Fig. 1a. Positive gravitropic curvature of Chara rhizoids tilted several times by 90°. 1b. Rhizoid in normal vertical orientation with the basal vacuolar part (V) and the apical part with the nucleus (N) and the statoliths (S). 1c. After tilting the rhizoid to horizontal position, the statoliths sediment on the lower cell flank (photographs taken after 3-15 min). The beginning of curvature can already be seen. The diameter of a rhizoid is about 25 µm.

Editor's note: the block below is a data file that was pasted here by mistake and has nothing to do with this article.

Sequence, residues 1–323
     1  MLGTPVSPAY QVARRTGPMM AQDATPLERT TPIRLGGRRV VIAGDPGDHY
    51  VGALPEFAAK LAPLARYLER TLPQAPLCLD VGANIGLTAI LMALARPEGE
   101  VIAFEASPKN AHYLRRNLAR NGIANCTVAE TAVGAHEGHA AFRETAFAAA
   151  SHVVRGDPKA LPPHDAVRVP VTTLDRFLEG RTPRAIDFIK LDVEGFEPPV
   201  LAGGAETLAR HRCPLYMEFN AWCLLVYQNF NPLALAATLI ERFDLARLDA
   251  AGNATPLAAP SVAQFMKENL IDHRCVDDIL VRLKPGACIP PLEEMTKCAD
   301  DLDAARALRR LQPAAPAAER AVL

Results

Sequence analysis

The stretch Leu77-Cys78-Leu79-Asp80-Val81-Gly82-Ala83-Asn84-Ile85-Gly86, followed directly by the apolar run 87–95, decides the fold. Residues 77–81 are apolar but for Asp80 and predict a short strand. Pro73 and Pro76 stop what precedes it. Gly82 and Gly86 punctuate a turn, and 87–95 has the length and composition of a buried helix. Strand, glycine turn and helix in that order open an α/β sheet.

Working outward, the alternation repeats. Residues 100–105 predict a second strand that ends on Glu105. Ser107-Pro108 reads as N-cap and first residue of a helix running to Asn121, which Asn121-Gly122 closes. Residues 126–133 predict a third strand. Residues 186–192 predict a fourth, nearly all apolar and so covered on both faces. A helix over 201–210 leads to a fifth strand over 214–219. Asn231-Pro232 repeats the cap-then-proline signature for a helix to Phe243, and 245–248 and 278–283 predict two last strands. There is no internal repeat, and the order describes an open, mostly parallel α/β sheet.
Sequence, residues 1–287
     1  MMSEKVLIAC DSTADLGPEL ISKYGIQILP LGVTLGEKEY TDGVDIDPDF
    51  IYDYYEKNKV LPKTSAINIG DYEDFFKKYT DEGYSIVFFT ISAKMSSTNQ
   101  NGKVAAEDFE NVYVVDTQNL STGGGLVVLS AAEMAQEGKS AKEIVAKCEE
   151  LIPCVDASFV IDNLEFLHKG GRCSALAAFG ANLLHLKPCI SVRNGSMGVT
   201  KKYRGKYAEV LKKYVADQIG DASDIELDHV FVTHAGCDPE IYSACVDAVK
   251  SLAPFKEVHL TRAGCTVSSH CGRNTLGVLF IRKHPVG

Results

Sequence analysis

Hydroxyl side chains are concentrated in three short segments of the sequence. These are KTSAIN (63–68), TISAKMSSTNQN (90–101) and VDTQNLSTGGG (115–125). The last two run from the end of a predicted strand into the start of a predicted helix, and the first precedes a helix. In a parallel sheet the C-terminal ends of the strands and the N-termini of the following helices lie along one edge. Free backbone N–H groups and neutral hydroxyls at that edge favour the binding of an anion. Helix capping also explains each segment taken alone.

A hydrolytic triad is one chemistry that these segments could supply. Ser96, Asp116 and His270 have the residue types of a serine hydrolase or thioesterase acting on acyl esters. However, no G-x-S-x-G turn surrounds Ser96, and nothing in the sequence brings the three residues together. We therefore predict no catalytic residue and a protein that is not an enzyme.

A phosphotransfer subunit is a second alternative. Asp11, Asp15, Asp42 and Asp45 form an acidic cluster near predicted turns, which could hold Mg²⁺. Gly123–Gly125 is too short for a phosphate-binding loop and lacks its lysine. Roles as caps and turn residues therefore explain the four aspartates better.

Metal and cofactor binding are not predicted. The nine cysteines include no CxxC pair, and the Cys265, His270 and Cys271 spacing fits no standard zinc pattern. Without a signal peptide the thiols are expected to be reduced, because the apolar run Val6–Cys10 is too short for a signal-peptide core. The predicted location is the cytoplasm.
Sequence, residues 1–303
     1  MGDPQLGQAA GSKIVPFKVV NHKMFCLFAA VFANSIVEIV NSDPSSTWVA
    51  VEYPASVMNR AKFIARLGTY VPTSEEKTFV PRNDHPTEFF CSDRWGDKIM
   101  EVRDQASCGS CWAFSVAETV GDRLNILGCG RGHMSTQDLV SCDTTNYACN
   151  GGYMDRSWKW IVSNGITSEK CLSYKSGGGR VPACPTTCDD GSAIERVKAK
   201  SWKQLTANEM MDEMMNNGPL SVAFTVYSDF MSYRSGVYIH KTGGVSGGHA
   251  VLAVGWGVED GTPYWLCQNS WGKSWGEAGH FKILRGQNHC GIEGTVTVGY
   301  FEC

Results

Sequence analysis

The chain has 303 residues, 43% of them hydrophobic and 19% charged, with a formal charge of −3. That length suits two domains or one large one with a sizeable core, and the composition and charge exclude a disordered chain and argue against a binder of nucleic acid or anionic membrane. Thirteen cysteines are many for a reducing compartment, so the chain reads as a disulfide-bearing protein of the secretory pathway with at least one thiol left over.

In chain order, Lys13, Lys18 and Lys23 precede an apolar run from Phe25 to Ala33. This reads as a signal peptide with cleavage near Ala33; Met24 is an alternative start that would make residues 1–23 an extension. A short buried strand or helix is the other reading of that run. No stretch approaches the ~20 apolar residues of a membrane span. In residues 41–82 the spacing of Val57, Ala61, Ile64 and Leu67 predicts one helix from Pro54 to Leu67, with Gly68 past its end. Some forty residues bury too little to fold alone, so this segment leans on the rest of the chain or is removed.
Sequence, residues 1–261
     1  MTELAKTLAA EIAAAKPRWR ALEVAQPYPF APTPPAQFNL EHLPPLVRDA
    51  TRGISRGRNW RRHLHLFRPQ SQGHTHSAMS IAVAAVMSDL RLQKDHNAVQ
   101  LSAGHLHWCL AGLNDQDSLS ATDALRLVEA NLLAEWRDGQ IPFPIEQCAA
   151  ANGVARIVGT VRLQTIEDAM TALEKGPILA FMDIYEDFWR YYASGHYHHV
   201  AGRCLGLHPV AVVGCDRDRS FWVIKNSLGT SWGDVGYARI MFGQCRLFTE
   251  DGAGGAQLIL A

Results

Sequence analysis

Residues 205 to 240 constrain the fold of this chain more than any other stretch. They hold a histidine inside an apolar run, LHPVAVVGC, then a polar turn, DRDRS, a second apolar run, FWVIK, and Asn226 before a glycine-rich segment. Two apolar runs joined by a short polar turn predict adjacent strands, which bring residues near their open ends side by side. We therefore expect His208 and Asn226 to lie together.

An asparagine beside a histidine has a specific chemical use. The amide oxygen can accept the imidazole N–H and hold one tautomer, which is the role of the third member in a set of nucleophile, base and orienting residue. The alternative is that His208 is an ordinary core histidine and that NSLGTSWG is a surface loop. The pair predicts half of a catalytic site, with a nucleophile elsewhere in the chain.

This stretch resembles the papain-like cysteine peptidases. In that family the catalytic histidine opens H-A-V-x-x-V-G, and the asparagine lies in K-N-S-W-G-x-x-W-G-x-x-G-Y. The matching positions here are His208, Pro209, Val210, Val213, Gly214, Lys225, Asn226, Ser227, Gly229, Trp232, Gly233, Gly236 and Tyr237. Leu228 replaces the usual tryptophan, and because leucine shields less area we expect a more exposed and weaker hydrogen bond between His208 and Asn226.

A fundamental question in understanding the gravitropic behaviour and the mechanism of graviperception thus concerns the positioning of the statoliths and the celullar structures involved. Experiments with drugs such as cytochalasin6 and the demonstration of actin filaments with rhodamine phalloidin 7 have shown that the statoliths are tethered in a network of actin filaments that prevents them from sedimentation on the apical cell wall in the vertical orientation.3, 8 It has therefore been postulated that a balance of forces is reponsible for the correct positioning of the statoliths within the cell: the gravititational force (Fg) and the counteracting force exerted by actin filaments (Fmf). On Earth, this postulate cannot be proved as the gravitational force always interacts with the endogenous force mediated by actin filaments. Studies under 'reduced' gravity are therefore of primary importance in clarifying these questions and in supporting and proving the postulate. The approximately 6 min of µg provided by the TEXUS flights has for the first time allowed the axial and lateral movements of statoliths in Chara rhizoids to be observed in vivo by videomicroscopy. The position of statoliths at the beginning and end of the µg period has also been determined after the chemical fixation of rhizoid bundles. In addition, the behaviour of statoliths has been analysed after application of cytochalasin D. These experiments were aimed at gaining new insights into the gravi-reaction chain and at verifying and expanding the conclusions drawn from ground experiments. The streaming velocity of the cytoplasm in the rhizoid base towards the tip is greater than towards the base.9 The difference is caused by an endogenous physiological component and a gravitational effect. Discrimination between these two causes was studied under µg conditions for the first time during the TEXUS flights.